Himid, Lubaina (6 of 23).  National Life Stories: Artists' Lives

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  • Recording date

    2006-09-11, 2006-09-12, 2006-10-02, 2006-10-03, 2006-11-06, 2006-11-07, 2007-01-15, 2007-01-16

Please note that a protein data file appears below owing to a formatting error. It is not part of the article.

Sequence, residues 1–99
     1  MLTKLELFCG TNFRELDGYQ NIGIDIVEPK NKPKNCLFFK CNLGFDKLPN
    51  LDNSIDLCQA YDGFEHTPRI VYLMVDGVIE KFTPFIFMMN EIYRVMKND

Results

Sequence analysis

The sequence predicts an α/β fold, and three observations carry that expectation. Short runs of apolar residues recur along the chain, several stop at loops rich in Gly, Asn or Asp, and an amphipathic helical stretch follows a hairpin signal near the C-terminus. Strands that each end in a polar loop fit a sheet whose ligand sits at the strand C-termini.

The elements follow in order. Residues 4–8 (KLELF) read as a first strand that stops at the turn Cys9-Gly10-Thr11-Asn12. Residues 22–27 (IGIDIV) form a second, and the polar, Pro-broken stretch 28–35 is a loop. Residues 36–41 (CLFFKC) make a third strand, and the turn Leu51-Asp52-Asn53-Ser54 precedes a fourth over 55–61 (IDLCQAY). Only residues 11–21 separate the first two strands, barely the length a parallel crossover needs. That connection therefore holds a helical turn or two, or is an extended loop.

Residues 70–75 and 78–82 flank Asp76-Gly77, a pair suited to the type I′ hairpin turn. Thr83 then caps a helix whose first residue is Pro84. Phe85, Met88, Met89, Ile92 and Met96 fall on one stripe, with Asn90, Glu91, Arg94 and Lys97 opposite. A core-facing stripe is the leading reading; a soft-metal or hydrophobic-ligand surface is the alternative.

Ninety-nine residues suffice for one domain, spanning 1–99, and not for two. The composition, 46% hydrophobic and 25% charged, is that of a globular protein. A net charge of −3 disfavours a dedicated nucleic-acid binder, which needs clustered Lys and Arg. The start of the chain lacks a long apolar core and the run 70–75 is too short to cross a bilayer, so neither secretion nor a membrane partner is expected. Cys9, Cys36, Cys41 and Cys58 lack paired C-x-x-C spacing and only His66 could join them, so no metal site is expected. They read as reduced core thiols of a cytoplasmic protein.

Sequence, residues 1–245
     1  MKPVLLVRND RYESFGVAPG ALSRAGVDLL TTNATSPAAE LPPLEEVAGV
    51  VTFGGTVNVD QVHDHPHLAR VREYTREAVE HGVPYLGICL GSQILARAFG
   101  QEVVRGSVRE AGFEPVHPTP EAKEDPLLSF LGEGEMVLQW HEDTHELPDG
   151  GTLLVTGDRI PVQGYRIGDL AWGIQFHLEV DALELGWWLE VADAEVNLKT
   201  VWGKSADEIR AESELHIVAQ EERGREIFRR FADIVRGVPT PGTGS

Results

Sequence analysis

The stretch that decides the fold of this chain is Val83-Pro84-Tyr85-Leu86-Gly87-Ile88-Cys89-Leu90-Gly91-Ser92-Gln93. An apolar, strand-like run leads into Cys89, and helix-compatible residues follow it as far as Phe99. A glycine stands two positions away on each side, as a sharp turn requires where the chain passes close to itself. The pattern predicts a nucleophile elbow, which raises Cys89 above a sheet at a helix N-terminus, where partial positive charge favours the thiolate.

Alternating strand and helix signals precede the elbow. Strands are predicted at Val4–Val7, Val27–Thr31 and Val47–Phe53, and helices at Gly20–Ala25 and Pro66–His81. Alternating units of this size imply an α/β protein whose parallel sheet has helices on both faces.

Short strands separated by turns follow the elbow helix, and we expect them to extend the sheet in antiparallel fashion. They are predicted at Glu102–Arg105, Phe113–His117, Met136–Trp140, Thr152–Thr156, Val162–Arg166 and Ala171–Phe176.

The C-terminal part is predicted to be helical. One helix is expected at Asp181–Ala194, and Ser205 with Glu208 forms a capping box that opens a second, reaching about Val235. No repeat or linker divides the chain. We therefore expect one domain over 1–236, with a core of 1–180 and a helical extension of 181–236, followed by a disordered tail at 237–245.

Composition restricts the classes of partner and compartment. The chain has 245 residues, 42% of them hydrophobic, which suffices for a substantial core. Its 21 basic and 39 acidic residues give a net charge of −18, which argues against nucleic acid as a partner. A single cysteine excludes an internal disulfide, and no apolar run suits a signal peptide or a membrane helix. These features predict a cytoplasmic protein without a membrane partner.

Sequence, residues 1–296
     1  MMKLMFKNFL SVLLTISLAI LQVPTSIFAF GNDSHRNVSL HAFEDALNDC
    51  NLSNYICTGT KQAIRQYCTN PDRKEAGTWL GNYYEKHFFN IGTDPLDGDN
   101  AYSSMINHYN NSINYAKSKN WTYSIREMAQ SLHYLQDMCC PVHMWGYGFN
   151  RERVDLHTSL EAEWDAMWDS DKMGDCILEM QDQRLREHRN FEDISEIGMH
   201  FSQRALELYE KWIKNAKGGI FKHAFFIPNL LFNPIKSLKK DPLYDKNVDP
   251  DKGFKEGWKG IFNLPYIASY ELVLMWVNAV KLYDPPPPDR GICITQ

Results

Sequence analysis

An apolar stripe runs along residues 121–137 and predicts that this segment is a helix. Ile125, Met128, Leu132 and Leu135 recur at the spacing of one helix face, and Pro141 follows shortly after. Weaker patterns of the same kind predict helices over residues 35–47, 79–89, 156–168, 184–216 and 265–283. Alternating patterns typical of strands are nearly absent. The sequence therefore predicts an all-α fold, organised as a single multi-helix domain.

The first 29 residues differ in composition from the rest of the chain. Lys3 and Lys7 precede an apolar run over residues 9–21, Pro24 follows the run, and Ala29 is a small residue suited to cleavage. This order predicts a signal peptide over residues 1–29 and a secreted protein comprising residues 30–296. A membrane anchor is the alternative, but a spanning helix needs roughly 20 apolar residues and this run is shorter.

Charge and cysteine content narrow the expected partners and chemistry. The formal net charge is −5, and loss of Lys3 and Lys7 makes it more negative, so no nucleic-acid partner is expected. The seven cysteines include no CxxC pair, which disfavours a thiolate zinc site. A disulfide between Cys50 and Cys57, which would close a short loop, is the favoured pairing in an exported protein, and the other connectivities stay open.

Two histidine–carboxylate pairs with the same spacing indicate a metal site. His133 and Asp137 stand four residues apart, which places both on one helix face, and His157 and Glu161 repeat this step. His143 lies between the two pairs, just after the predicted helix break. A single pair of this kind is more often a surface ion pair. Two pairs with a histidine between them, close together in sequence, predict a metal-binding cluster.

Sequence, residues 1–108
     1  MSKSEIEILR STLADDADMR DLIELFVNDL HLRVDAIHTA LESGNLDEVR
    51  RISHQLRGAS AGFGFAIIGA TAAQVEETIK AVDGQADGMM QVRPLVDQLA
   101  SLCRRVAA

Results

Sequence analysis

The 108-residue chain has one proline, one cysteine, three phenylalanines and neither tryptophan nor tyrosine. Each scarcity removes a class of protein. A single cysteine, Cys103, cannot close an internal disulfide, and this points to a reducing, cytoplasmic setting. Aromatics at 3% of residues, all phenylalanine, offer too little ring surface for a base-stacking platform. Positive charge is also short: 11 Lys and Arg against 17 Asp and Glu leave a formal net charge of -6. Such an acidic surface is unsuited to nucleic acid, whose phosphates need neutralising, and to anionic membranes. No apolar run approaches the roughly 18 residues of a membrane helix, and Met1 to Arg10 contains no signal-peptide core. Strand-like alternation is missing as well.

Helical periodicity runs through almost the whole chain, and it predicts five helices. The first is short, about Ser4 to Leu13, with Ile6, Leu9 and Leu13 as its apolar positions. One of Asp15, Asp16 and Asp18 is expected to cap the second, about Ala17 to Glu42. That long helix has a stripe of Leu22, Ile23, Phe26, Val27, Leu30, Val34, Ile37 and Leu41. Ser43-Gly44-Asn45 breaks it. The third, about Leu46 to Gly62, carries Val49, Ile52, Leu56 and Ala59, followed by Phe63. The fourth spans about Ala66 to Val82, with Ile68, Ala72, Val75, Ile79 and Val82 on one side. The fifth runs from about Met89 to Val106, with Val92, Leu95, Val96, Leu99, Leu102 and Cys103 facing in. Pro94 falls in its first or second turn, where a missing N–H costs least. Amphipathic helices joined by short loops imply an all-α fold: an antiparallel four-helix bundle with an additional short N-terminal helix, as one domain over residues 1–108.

• Recording locations

    Interviewee's home, Preston

  • Interviewees

    Himid, Lubaina, 1954- (speaker, female)

  • Interviewers

    Dyke, Anna, (speaker, female)

  • Abstract